Vintage Guitar - March 2018 - open - 130
VG APPROVED GEAR
TO A T
The Walla Walla Maverick Pro Series
alla Walla has carved a niche in
the world of highly customized
guitars and basses in the tradition of
those time-honored Leo Fender archetypes. Their Maverick Pro Series
offers up one model with classic
single-coils and a tremolo bar, and
another with humbuckers and a
hardtail. You might want to strap a
bib on before handling these beauties,
though, as sudden drooling is possible.
First axe on the block is from Walla
Walla's Vintage Wood series - a Teleshaped body with a piece of reclaimed
wood as its top. This one uses the logo of
Gibsonton Mills, an 1800s whiskey distillery once located south of Pittsburgh,
Pennsylvania. The top gave the guitar an
immediate vintage flavor and sense of
the past. While every Walla Walla plank
can be customized to the buyer's tastes,
this Maverick Pro sported a chambered
poplar body, 22-fret bolt-on neck (25.5"
scale), deeply flamed maple fingerboard
and neck with a soft-V profile, Seymour
Duncan APT single-coil pickups,
Sperzel tuners, and a Joe Barden bridge
with Bigsby trem. Its unusual Volume
and Tone knobs were made
from the ends of shotgun shells,
while a bullet casing formed
the three-way pickup selector.
Another unique feature was
the Sound Tunnel Port, located under a metal star on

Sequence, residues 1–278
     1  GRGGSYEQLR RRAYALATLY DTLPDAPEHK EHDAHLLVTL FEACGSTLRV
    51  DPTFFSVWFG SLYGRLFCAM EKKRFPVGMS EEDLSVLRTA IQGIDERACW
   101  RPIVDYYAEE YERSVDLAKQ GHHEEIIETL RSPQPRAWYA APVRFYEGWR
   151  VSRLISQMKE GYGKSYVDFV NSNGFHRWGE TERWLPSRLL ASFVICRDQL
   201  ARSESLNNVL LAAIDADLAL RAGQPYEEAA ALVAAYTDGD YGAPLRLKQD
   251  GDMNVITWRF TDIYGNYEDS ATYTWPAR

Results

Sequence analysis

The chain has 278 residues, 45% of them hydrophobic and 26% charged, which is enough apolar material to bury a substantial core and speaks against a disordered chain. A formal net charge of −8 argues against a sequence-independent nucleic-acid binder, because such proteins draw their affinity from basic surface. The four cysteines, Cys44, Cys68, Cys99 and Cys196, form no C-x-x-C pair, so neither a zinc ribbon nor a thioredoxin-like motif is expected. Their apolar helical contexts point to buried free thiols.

the north side of the upper
bout. Occasionally these are
seen on high-end acoustics, but
it's a novel idea for a chambered
electric - indeed, the port delivered a nice acoustic resonance
Prices: $2,395 (base, Vintage
Wood), $2,995 (base,
when playing unplugged. For
pickups, Walla will install models
from Seymour Duncan, Fralin,
Barden, EMG, and TV Jones.
Best of all, this Vintage Wood
weighed under seven pounds.
The other Maverick Pro tested
was from the T-Top Crystal
series, which can have objects embedded in
their resin tops - think coins, keys, badges,
medallions, and other metal ornaments.
This model has a 22-fret neck of flamed
maple with a rosewood board, fullchambered poplar body. Hipshot
non-trem bridge (Barden, Wilkinson, and others available), and
Duncan Pearly Gates humbuckers.
Also look for a NuBone 1.625" nut
and different fret-size options.
Plugged in, both guitars displayed
fast playability thanks to those slim,
speedy necks and compound radii
(9" to 12"). Fitted with its Tele-style
pickups, the Vintage Wood was suitably
twangy, while the humbucker-laden
Crystal model rocked like a good Status
Quo record. You can only imagine that
each will sound better as you play them
through the years - they play great now,
but in a decade or two, they could sound
even better as the wood opens up and
the already-fine necks begin to play in
to that exalted standard.
As every Walla Walla guitar is oneof-a-kind, both the Vintage Wood and
Crystal models tested were original,
fun, and exuded an old-school vibe.
One key attraction is that you get that
kind of "custom shop" attention and
detail at a somewhat lower price. It's
still higher-end, but nothing like the
astronomical numbers often seen these
days. And they're brimming with history
and Americana. - Pete Prown